The CRA concludes that this rationale holds when validated with future scenarios of climate change and hydrological changes. These project more erratic flows, meaning on one hand more extremes on the high end (floods), in itself posing risks for hydropower infrastructure, but also through increasing sediment loads and risks of exposure to landslides and glacier lake outburst floods. On the other hand, a small increase in frequency and length of hydrological droughts is projected. Furthermore, projections of wind speed and incoming solar radiation indicate more or less stable conditions compared to the present day climate, further substantiating the rationale for portfolio diversification.

For adaptation and climate proofing the main recommendation is to verify that the proposed drainage systems at the sites are sized for extreme flows that are 20-30% larger in magnitude than current extremes. This is valid across return periods. The second high priority recommendation is to design foundations of solar, wind, and transmission infrastructure to withstand increased erosion rates and substantially increased risk of landslides in landslide prone areas. A third recommendation is to take into account lower production for solar panels at increased frequency of heat stress, as well as in the sizing of capacity of transmission infrastructure, which may have reduced capacity during periods of high heat stress.

“Gabon is a rapidly developing country that contains substantial amount of intact natural areas and biodiversity, and large untapped natural resource stocks, placing the country at the forefront of a green economic development opportunities. TNC supports the government in preserving Hydrologic Ecosystem Services which are essential to include into development projects as for example hydropower.

This study will assess these services for the Komo basin where certain pressure already exists due to forestry operations and planned hydropower. It will evaluate various management scenarios which may improve and sustain hydrological flow conditions and hydropower options. The analysis will help the government in implementing an integrated water resources management (IWRM) approach in this basin.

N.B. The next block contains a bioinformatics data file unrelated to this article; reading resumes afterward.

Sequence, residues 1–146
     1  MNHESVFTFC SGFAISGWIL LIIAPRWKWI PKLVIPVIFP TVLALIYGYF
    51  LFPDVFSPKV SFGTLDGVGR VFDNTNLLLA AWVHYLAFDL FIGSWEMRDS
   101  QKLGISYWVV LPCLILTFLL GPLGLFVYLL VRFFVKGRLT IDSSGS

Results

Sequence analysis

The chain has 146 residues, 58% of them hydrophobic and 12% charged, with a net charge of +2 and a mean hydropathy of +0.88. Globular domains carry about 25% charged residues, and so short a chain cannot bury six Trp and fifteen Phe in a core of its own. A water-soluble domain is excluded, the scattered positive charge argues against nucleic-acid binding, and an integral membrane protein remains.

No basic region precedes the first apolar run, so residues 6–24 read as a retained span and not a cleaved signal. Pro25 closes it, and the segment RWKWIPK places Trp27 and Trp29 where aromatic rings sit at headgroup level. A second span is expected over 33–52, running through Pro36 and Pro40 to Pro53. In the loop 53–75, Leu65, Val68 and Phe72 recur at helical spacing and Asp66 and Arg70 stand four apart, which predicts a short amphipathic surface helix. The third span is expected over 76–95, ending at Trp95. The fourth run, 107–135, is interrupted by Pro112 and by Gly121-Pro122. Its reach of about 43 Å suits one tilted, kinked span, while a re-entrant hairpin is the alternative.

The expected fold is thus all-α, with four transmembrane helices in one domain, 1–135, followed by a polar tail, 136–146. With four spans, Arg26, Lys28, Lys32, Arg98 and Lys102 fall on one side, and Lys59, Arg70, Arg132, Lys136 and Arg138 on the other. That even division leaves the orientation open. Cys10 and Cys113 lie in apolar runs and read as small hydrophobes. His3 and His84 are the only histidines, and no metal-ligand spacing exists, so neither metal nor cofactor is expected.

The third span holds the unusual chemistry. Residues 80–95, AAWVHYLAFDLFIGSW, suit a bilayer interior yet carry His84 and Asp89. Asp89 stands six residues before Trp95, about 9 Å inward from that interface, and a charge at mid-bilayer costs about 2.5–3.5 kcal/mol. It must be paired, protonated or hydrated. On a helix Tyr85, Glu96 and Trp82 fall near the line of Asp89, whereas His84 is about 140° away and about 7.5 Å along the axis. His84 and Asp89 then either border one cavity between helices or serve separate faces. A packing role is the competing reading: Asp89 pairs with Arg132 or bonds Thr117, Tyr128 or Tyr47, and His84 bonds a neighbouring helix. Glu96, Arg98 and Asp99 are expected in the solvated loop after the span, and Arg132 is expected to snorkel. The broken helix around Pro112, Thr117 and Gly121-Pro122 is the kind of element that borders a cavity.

FutureWater will deliver this study through hydrological modeling and scenario analysis to assess how hydrological ecosystem services provision in the Komo basin can be improved by a series of potential alternative scenarios based.”

This glacio-hydrological assessment delivered river flow estimates for three intake locations of hydropower plants in Nakra, Georgia. The assessment included the calibration of a hydrological model, daily river discharge simulation for an extended period of record (1980-2015), and the derived flow duration curves and statistics to evaluate the flow operation of hydropower turbines. The daily flow calculations for the three sites (HPP1, HPP2 and HPP3) can be used in the hydropower calculations, and to assess the overall profitability of the planned investment, considering energy prices, demand, etc.

In the Nakra basin, glacier and snow model parameters were tuned to obtain accurate river flow predictions. Also, the latest technology of remote sensing data on precipitation and temperature (product ERA5) was used to reduce potential errors in flow estimates. Even though these flow estimates are useful for short-medium term evaluations on profitability of the planned investment, climate change pose a challenge for long-term evaluations. Glacier-fed and snow-fed systems, such as the Nakra basin, are driven by a complex combination of temperature and precipitation. Due to future increasing temperature, and changing rainfall patterns, glacier and snow cover dynamics change under climate warming. This can lead to shifts in the flows, like a reduction in lowest flows, and higher discharge peaks when the hydrological system shifts towards a more rainfall-runoff influenced system (Lutz et al. 2016). This can jeopardize the sustainability of the project on the long-term. To provide a better understanding of future river flows, it is recommended to develop a climate change impact assessment.

This hydrological assessment delivered river flow estimates for an intake location of a potential hydropower plant in the Lukhra river, Georgia. The assessment included a tuning of a hydrological model based on knowledge of neighboring basins, daily river discharge simulation for an extended period of record (1989-2019), and the derived flow duration curves and statistics to evaluate the flow operation of hydropower turbines. The daily flow calculations for the site can be used in the hydropower calculations, and to assess the overall profitability of the planned investment, considering energy prices, demand, etc.

In the Lukhra basin, snow model parameters were tuned to obtain accurate river flow predictions. Also, the latest technology of remote sensing data on precipitation and temperature (product ERA5-Land) was used to reduce potential errors in flow estimates. Even though these flow estimates are useful for short-medium term evaluations on profitability of the planned investment, climate change pose a challenge for long-term evaluations. Snow-fed systems, such as the Lukhra basin, are driven by a complex combination of temperature and precipitation. Due to future increasing temperature, and changing rainfall patterns, snow cover dynamics change under climate warming. This can lead to shifts in the flows, like a reduction in lowest flows, and higher discharge peaks when the hydrological system shifts towards a more rainfall-runoff influenced system (Lutz et al. 2016). This can jeopardize the sustainability of the project on the long-term. To provide a better understanding of future river flows, it is recommended to develop a climate change impact assessment.